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London properties open to the public just once a year

London is full of iconic buildings, many of which you can visit, but what about the ones you walk past that have their doors firmly shut? For one weekend in September, Open House London lets you peek inside a huge variety of buildings that are not usually open to the public.

Often having played a fascinating role in the history of the city, these properties open up another side of London, making it an event not to be missed. Make sure you take up this rare opportunity and see what lies behind those doors.

Open House London runs from 16 to 17 September and includes more than 800 buildings across 30 boroughs. While you can just turn up to many of the properties, it’s a good idea to pre-book a slot for the most popular venues.

Lancaster House

Construction started on Lancaster House for the Duke of York in 1825, but was not completed until after his death in 1827. As well as having interesting historical links to the royal family, Lancaster House is also an architectural marvel. It was the last of the great mansions in London to be built in the Georgian style and has an impressive central staircase.

Access all areas tours are available for half-an-hour slots across the weekend, so be sure to book yourself in to see opulence at its best at this private palace.

St Mary Axe

The Gherkin may be one of the most instantly recognised buildings on the London skyline, but far fewer know what it looks like from the inside. Despite its distinctive shape and comical nickname, St Mary Axe is actually a fully-functioning office building that is not usually open to walk-ins.

See what life is like for the city workers who do their daily grind inside The Gherkin and go to the 40th floor for incredible views from the glass dome.

Burntwood School

A trip back to school at the weekend may not seem like the most inviting of offers, but for fans of modern architecture, a chance to explore Burntwood School must not be passed up. The campus won the Stirling Prize in 2015 and the chic white façade is instantly recognisable. It’s hard to believe that pupils get to have lessons and assemblies in such a place, but also quite wonderful to know that they do.

You can stop by between 11am and 5pm on the Saturday, but if you’d like to be shown around by an architect, be sure to turn up for 11am, 1pm or 3pm.

St Paul’s Cathedral

While Sir Christopher Wren’s most iconic church is open to the public throughout the year, there are areas that are usually closed off. For example, it’s not normally possible to access the library, which is chocked full with leather-bound volumes dating back to the 18th century. This is the beauty of the Open House weekend and why it has become so popular over the last 25 years – experiences like this.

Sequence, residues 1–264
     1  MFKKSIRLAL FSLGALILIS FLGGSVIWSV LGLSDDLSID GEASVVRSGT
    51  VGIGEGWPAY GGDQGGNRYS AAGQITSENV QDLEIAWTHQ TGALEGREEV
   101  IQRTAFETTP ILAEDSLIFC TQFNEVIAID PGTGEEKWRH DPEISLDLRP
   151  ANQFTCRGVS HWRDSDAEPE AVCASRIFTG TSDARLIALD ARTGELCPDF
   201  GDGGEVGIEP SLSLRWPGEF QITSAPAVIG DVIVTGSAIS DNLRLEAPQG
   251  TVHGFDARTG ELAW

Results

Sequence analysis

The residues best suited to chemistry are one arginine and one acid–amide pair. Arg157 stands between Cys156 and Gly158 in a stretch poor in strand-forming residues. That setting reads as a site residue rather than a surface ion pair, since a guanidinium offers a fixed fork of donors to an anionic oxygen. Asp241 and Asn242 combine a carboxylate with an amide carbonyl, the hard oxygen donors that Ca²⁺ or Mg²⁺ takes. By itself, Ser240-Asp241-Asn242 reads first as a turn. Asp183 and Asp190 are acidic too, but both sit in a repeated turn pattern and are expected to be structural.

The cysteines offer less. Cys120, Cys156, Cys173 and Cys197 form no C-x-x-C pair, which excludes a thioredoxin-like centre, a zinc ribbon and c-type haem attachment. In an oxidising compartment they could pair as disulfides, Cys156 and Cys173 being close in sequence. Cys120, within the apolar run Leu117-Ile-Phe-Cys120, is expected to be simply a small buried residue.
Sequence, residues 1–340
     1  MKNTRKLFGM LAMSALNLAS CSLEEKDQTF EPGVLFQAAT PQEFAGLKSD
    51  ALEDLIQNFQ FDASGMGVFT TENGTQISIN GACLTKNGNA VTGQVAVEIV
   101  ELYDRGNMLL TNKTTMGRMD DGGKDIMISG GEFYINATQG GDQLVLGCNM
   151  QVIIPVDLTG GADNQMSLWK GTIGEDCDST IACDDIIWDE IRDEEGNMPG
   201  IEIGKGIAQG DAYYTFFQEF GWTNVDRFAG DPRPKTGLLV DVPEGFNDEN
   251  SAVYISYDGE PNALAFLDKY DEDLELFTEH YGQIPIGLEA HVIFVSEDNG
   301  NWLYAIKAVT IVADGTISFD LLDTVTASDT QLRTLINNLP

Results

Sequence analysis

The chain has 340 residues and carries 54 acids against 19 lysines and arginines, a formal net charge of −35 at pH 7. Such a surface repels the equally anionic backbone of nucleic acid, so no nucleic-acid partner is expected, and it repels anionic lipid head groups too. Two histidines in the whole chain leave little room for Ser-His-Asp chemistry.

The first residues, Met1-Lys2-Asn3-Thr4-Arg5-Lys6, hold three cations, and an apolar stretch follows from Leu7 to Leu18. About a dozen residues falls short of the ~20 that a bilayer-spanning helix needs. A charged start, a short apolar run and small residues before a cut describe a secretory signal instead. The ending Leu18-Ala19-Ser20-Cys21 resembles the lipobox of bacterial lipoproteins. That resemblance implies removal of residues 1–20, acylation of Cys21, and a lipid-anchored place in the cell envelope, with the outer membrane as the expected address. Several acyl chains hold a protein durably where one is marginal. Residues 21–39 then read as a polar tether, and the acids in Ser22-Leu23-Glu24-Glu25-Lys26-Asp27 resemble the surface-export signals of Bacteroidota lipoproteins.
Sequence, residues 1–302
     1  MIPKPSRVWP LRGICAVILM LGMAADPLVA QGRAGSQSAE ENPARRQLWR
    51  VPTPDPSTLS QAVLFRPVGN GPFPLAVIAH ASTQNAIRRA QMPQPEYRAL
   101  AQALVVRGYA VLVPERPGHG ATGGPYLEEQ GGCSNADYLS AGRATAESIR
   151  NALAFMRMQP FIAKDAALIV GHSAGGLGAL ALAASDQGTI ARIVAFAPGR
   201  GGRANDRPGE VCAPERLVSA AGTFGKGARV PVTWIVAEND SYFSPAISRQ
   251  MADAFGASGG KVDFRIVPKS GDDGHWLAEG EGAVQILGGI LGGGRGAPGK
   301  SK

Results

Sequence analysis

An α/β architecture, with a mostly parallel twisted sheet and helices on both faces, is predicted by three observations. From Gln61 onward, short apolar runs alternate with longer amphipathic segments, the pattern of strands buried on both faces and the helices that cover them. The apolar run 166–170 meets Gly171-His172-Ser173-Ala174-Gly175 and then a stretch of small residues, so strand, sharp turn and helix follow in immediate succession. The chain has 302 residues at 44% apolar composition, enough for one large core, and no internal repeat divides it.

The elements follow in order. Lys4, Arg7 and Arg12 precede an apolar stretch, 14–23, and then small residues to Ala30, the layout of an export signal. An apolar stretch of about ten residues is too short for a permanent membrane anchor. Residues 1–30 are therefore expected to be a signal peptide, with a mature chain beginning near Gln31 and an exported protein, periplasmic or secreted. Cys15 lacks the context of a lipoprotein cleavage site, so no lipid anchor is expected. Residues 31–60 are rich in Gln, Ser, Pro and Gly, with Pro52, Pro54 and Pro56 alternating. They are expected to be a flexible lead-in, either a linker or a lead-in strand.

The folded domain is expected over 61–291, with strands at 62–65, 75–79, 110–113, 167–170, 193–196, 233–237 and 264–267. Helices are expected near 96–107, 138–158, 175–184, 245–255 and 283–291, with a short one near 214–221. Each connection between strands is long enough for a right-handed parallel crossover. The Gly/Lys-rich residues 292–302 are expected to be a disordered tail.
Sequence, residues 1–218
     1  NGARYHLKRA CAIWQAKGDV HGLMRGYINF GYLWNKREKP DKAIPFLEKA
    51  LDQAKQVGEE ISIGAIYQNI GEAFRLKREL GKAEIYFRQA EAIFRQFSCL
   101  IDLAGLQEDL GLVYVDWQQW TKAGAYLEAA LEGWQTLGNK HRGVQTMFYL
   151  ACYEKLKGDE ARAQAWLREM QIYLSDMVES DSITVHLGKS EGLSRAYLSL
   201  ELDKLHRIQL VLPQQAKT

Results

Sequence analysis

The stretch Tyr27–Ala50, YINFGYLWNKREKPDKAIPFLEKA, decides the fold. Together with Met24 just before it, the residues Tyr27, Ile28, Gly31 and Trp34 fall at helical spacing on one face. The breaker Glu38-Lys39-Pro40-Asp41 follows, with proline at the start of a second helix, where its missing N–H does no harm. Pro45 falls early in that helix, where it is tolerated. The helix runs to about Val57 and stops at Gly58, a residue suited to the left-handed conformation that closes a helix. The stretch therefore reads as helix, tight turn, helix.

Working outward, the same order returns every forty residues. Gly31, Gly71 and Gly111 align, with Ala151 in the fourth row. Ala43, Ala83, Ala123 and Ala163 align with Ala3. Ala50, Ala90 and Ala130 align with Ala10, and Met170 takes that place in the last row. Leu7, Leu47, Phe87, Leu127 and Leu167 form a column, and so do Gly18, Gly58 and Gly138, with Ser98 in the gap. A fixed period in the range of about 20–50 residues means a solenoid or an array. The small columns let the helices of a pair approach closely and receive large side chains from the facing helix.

Book-lovers should secure themselves a spot, as the hidden corners of St Paul’s will only be welcoming guests between 11am and 6pm on the Saturday.

Buddhapadipa Temple

For a taste of the exotic right here in London, look no further than the Buddhapadipa Temple. Created in a traditional Thai style, with peaked roofs and intricate gilding, it is one of just two of its type outside of Asia. A true oasis of calm, you can meander through the four acres of gardens, grove and orchard, as well as taking in the views of the lake. Spend some time marvelling at the golden Buddha inside and find your own inner peace.

You can visit the temple between 10am and 5.30pm across the weekend.

Pear Tree House

Some private residences are also included in the Open House weekend and Pear Tree House is one of the loveliest. A wonderful dedication to nature has been shown by the architect who designed the property around a 100-year-old pear tree that sits at its centre. It’s the last remnant of a Victorian orchard that once occupied the site and still proudly spreads its branches wide.

Architect tours will be conducted hourly between 10am and 5pm on the Saturday.

Reform Club

Fans of Around the World in Eighty Days will know the unique significance of the Reform Club, which was where Jules Verne’s hero Phileas Fogg set off from after a wager by fellow members. Michael Palin followed in the fictional character’s footsteps and made it the beginning and end points of his circumnavigation of the globe. It is also a beautifully designed building, complete with tunnelled steps and a roof made from a glass mosaic.

Pre-book a slot between 11am and 6pm on the Saturday or from 11am to 4pm on the Sunday.



Image credit:  TomasSereda via iStock

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We would also love to see your family adventures in London with our hashtag #RGHFamilies.


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